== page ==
I think that would be very helpful indeed. "This part of the article was
most recently discussed under subject "Stop changing the genre". Click here
to review or participate in the discussion."
On Sep 10, 2014 11:38 AM, "James Forrester" <jforres...@wikimedia.org>
wrote:

> On 10 September 2014 04:58, David Gerard <dger...@gmail.com> wrote:
>
> > On 10 September 2014 12:54, Andrew Gray <andrew.g...@dunelm.org.uk>
> wrote:
> >
> > > * inter-wiki or intra-wiki integration of multiple-venue discussions
> > > rather than several parallel pages and potentially parallel
> > > discussions (not a very frequent issue, but a messy one when needed;
> > > Pine notes this below)
> >
> > Yeah, that's getting into the "solves a problem I have" area I was
> > thinking of.
> >
> > A few more of these and experienced users will be demanding Flow.
> >
>
> ​[Talking well into the future, and free-lancing a little in Danny's area;
> please do not expect this soon.]​
>
> ​One of the pain points about our treatment of content vs. discussion right
> now is how to expose to casual editors of a page that discussion is
> on-going about a particular aspect of an article, or that there has been a
> lot of argument about an aspect of the page and that this is now 'settled'
> – not that it can't be changed, but that editors may wish to consider
> before blindly changing something.
>
> These discussions can range from the very specific (what exact term /
> wording should we use here?) to the very general (we should take care to
> use photos of the concept from all 'sides' of the debate). Most often
> they're about a small chunk of content and proposals to alter, expand or
> remove it. Indeed, the need to comment on these is flagged quite often when
> talking about Flow – generally in terms of "we need to copy content into
> the discussion and back out again", which I think is a solution rather than
> the core problem we're trying to address, framed by our current way of
> treating discussions.
>
> Normally these discussions, and their total lack of visibility to all but a
> handful of editors who read the talk page and all its archives before they
> make each edit, aren't a problem. It's rare that a page has issues, after
> all, and very often "common sense" gets you most of the way there, so even
> without knowing about prior discussion your edits can be uncontroversial.
>
> Sometimes we make edits against these agreed points, and someone previously
> involved in the discussion notices and undoes the change (or "fixes" it or
> whatever), and might drop a note on their talk page to that effect. This is
> effective for very highly-watched pages, but adds a lot of burden to people
> to monitor their watchlists' articles for changes against their hazy
> memories of what has and hasn't been discussed. Certainly, editor working
> on recent changes patrolling won't know the particulars of each article and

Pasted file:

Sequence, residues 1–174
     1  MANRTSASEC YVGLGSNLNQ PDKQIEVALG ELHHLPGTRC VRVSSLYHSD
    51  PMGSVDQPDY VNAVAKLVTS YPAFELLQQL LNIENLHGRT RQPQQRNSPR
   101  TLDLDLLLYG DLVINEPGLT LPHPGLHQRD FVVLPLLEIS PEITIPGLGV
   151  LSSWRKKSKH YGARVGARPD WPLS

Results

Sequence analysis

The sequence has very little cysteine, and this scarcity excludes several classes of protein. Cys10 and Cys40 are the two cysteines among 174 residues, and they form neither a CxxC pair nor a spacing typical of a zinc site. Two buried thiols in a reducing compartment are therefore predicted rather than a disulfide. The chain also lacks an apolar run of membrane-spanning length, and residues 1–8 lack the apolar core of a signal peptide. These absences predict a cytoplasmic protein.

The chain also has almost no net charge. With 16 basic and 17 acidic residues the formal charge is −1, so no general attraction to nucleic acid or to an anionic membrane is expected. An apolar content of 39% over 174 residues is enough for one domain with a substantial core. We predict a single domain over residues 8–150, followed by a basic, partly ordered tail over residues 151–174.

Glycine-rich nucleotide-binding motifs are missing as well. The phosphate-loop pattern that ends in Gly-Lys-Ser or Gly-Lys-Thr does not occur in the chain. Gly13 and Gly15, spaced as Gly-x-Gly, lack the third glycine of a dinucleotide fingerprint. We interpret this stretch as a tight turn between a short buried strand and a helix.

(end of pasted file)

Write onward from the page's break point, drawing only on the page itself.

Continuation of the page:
> the local discussions that have been had.
>
> Occasionally, we use HTML comments to shout at potential editors ("Do NOT
> change his race!" on Barack Obama's article on the English Wikipedia, for
> instance). These are confusing to newbies (it's a magic fragile syntax
> that's uncommon), don't always 'work' (lots of people tune out whacky
> syntax they don't know), and very rarely give an indication as to /why/
> some user posted that instruction, when this dates from and whether it's
> still current, or if it actually has consensus.
>
> To make it easier for editors, we could provide a way to attach discussions
> not just to an article (Talk:Foo is stuff about "Foo") but as well to a
> particular item inside Foo – a section, a paragraph, a template, a
> reference, an image. When you edit, we could show somehow discussions
> attached to that item.
>
> There have been proposals to use a right-hand bar to show information
> relevant to the content in view ("see related Wikidata item"; "articles on
> this subject in other languages use these images"; etc.); that could be a
> neat place to put relevant discussions' subjects/titles (or even the whole
> discussion). Alternatively, we could put little markers in a tray/gutter
> that users can click on to see more of, or put a highlighted ring around
> content subject to recent discussion when editors change it. There are lots
> of ways we could consider making a more powerful, more visible way to
> discuss content.
>
> Making these kind of tool available through VisualEditor would be pretty
> easy (though getting the design right for all our workflows would need some
> care, and as always the challenges of getting a reasonable, consistent
> design for phone, tablet and desktop platforms will need some thought).
> Doing it in the wikitext editor in a way that makes sense for users might
> be harder. However, "hard" is not a good enough excuse for us not tackling
> these kinds of big issues around making editing a simpler, more obvious
> experience that doesn't need people to have read the talk page and all its
> archives before making an edit.
>
> Does that sound like a useful change for experience editors? :-)
>
> ​J.
> --
> James D. Forrester
> Product Manager, Editing
> Wikimedia Foundation, Inc.
>
> jforres...@wikimedia.org | @jdforrester
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